On the final day of July (which was Thursday the 31st), members and friends of the Unitarian Universalist Fellowship of the Poconos (UUFP) ventured out of the Pocono, PA area and into the Hudson Valley region of New York State in order to explore the magnificence of a Sculpture Park located at The Storm King Art Center in Mountainville, NY. Many of the company of adventurers met at the UUFP location in Stroudsburg, PA around the 8am hour to honor the environment by practicing the art of car pooling. From there, two car loads of thoughtful Unitarians and friends left for the communal destination with each traveling different routes while a third vehicle left the site in order to pick up additional friends and members from their homes.
The route of the car I was in led us upon the highways that traveled across the states of Pennsylvania, New Jersey, and New York. This route proved efficient in regards to the time it took to arrive at the destination during the early morning hours. However, a number of scenic vistas came to our attention and we were moved to stop at one in order to partake of its life enhancing beauty. After journeying through more areas filled with the sights of tremendous rivers, flourishing forests, and impressive rock formations, we eventually took the exit ramp in New York State that brought us even closer to our destination which led us to discover several small towns that shared their quaintness with our wandering eyes along the way.
As we arrived to our destination, we went through the entry gate and moved our vehicle to the north parking lot where UUFP members Barbara and Bob Harteis welcomed us with an adorned picnic table with a few culinary goodies in place for those who wished to replenish their energies as they prepared for the art filled treks they would soon experience. The remainder of our company arrived a few minutes later and, being indicative of the independent spirit Unitarians are noted for, the gathering instinctively divided into smaller groups and began their walking tour of the site. The experience would later prove to be an even more individualist one as conversations later in the day would reveal that the work each viewer encountered effected the soul and thoughts in very unique ways.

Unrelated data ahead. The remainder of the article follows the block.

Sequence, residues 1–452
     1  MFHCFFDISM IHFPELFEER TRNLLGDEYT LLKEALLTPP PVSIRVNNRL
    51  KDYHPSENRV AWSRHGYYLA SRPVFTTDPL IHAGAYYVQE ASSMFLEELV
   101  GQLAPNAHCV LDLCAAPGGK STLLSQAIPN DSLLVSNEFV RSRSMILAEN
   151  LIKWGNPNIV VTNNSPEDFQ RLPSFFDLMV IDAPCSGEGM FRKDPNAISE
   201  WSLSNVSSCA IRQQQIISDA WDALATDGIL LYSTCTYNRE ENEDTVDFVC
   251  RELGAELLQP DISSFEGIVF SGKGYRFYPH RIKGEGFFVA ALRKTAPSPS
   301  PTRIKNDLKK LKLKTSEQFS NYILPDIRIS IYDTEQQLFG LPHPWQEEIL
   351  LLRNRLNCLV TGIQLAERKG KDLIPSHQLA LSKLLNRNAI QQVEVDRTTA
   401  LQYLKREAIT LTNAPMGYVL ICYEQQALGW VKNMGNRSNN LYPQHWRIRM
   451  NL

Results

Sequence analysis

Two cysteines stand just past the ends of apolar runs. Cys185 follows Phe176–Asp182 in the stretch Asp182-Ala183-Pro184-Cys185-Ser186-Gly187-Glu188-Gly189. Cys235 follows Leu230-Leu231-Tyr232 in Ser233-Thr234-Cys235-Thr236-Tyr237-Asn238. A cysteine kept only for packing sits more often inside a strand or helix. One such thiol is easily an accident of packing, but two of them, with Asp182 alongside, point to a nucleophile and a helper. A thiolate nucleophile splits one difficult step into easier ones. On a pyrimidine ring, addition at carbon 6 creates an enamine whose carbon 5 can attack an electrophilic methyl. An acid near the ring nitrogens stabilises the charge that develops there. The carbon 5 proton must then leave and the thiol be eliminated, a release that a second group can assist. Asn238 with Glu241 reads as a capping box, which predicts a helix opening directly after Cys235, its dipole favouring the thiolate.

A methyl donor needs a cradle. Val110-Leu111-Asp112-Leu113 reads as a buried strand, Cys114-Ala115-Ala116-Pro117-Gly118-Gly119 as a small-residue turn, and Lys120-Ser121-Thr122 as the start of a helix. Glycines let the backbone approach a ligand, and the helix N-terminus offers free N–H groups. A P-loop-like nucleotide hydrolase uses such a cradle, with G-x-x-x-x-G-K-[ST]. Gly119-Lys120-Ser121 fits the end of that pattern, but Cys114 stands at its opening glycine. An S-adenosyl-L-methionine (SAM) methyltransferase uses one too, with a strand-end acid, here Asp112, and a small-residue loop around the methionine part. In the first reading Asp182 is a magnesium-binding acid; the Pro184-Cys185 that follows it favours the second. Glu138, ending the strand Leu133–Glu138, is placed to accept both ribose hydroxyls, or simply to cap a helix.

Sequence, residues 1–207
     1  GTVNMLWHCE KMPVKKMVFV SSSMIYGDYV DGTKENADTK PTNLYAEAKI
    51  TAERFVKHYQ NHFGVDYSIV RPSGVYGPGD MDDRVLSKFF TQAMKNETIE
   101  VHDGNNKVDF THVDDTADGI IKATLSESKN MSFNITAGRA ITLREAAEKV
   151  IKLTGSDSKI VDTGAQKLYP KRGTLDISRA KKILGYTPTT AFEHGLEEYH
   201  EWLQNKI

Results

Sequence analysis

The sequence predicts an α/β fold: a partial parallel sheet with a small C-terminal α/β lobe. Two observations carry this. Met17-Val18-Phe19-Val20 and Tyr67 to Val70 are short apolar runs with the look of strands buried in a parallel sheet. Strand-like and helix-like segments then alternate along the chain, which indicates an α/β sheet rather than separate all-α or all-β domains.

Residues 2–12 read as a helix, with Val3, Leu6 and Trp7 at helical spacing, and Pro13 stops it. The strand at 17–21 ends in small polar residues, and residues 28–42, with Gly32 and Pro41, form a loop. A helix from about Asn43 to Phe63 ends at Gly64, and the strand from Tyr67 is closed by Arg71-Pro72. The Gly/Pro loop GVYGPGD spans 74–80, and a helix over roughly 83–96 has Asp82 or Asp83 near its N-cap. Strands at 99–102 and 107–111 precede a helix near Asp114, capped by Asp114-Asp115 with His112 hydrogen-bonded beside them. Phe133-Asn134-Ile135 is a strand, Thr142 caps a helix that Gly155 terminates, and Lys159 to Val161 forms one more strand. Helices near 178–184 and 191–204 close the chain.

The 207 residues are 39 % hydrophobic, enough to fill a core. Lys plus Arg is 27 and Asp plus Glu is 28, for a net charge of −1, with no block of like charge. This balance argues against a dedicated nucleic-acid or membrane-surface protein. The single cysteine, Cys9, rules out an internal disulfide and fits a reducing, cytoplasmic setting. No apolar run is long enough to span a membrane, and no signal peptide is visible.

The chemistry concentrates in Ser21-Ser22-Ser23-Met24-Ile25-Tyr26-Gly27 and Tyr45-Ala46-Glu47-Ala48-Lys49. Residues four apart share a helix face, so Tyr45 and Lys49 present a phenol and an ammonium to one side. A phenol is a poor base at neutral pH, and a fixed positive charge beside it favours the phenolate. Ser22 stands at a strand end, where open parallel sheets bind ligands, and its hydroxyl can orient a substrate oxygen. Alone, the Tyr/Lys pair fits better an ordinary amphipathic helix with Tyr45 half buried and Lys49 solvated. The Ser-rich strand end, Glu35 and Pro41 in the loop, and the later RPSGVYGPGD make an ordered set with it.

I was immediately impress with the vastness of the site. The rolling hills with their staggering steepness, the endless fields with their towering blades of grass, and the variety of forests with some protruding from the ground like islands in a grassy sea while others framed the picturesque scene with their wooded beauty enticed the exploring nature of the human soul to delve deeper into its natural majesty. In more common words, it was wow.
Throughout the park, a huge number of sculptures were waiting patently to be discovered. The enormous presence of these gigantic structures touched the imagination through their ability to reach so high into the heavens while blending seamlessly into the topography of the landscape. In fact, it was near impossible not to cultivate a desire to be lifted up upon their pinnacles in order to partake of the breathtaking sensations their intoxicating dimensions while simultaneously immersing oneself in the earthy hues they submerged themselves in. Along with the multitude of pieces on permanent display, there were a number of them which were presented as special exhibits for the park.
One these exhibits was titled, “Zhang Huan: Evoking Tradition” which featured the incredible peaceful work of Zhang Huan who began his career during the 1990s in Beijing, China where he created a body of work that was frequently politically engaging as it touched on issues such as poverty and personal freedoms. He moved to New York in 1998 and expanded his skills there until his return to China in 2005 inspired him to reconnect with the traditional elements of Chinese society. The gentleness and peace found in the country’s Buddhist faith is found throughout the work presented at The Storm King Art Center whose size of the pieces magnifies their serene qualities.
In addition to the structures presented as a special exhibition in the park along with some that will remain on permanent display at the Storm King Art Center, some relatively smaller works created by Zhang Huan was on display at the center’s Museum Building. These include ash sculptures which are crafted from incense ash gathered from Buddhist temples along with Marquettes (preliminary models), drawings, and video offering insights to the artist’s inspirations and creative process. The entire display will be presented at the center until November 9th. You can learn more about the artist and the display by exploring the special Storm King Art Center website at http://zhanghuan.stormking.org.
Another of The Storm King Art Center’s special exhibits that was on display is part of their yearly Outlooks Series and features the work of Virginia Overton. Ms. Overton lives in Brooklyn, NY and has exhibited her work throughout the world. Her untitled piece can be found in one of the Storm King Center’s hay fields and consists of a brass tube which is four inches in diameter and is elevated above the ground. The length of this installation is 500 feet and those who visit it are encouraged to speak into one end as another person would be able to hear what one says on the other end.